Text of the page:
Top-rated and unbeaten Kentucky says they're not looking past any team, including its next opponent, Hampton. But the Wildcats do have some homework to do.
Wildcat freshman guard Tyler Ulis said Wednesday, "We actually have not watched them yet."
Still, the 34-0 Wildcats know that as they begin the final stretch of their quest to become the first undefeated national champion in program history, they have to take every opponent seriously, starting with the 16th-seeded Pirates (17-17).
"If you lose, you are done," Kentucky 7-footer Willie Cauley-Stein said. "If you win, you keep on going. That is what propels those teams, not only us. Everybody's going to fight that fight."
The ring's the thing
Bobby Hurley casually slipped the big shiny ring off the finger of his right hand and offered it to someone to hold.
"Kind of heavy, right?" Hurley says, referring to the gleaming gold keepsake topped with a large gem-encrusted No. 1 set on upon a Duke Blue-colored background.
This, of course, is the ring Hurley and his Blue Devils' teammates were awarded in 1992 after winning consecutive NCAA tournament championships. And it's one Hurley kept in storage until shortly after opening his second season as Buffalo's coach in November.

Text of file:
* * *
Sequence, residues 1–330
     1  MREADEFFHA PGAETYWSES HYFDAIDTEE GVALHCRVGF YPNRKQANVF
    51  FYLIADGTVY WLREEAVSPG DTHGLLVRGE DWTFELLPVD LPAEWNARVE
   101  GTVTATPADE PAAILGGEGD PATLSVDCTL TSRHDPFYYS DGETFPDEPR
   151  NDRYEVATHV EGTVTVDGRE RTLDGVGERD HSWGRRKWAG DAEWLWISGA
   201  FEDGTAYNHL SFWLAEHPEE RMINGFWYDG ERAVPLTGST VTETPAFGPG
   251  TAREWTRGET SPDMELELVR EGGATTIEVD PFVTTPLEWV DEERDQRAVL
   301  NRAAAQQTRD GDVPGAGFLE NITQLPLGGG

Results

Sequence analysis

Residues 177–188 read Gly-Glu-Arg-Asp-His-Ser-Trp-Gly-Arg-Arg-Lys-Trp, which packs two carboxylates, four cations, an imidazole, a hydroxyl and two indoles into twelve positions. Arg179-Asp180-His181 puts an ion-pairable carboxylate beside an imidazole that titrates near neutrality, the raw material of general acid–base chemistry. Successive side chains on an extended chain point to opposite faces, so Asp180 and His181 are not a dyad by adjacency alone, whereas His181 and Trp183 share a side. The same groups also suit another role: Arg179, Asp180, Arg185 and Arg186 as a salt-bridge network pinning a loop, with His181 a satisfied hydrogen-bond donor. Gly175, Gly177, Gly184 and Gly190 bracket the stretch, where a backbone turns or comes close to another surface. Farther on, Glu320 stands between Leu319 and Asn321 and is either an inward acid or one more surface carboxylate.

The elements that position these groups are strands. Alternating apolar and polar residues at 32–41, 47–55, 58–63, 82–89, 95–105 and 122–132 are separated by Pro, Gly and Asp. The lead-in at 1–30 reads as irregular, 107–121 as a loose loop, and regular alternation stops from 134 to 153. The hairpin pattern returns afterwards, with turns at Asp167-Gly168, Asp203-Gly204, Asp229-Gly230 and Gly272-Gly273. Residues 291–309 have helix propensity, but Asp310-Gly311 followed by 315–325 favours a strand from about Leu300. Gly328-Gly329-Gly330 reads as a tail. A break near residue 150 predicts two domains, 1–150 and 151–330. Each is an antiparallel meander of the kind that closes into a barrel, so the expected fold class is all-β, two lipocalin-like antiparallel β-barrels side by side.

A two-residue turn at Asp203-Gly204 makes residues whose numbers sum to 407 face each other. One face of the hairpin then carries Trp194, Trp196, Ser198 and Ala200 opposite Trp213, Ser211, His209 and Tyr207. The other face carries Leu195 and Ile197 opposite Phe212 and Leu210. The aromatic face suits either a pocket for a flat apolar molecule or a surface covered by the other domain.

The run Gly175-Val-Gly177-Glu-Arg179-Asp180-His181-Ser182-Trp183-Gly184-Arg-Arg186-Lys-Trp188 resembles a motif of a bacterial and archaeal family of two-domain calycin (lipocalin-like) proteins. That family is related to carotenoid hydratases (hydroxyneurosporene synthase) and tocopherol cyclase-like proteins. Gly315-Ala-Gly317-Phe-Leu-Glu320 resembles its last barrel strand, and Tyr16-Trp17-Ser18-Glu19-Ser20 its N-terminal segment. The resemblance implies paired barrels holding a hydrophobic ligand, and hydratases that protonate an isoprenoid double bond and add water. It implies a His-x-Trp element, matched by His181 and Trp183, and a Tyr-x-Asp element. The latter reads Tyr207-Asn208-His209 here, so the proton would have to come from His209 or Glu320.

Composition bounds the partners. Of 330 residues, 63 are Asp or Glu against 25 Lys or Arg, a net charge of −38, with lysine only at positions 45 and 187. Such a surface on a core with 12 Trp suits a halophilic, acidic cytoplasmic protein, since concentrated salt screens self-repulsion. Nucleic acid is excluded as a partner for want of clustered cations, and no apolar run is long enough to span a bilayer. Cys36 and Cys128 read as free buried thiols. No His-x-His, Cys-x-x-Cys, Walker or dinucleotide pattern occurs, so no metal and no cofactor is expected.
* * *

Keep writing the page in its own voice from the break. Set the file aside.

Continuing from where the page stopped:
"I started at the Kentucky game with it. It was the first time I wore it as coach," Hurley said, referring to a 71-52 loss to the top-ranked Wildcats in Buffalo's third game of the season.
"I felt like I need a little something extra in that game to go in there with a little more confidence playing a team like that," he said. "And so I decided to keep with it the rest of the year."
Lucky charm or not, Hurley will be wearing that ring in Columbus, Ohio, on Friday, when his Midwest Region's 12th-seeded Bulls (23-9), make their tournament debut facing fifth-seeded West Virginia (23-9).
Best coach on wheels
Getting around on a torn Achilles' tendon is just part of the challenge coach Ron Hunter faces in leading Georgia State (24-9) against Baylor (24-9) in the NCAA tournament.
He thinks he's got that part figured out, at least for now planning to use a rolling chair when he's not in his customary sideline stance.
"I'm not sitting down. I haven't sat down in 23 years as a head coach," Hunter insisted Wednesday. "Some guy just made a new crutch he wants me to try out, [and one company] said they've got this roller board they want to give me for the game. I'm saying yes to all that. So just send it to me for free, and we'll try all of it."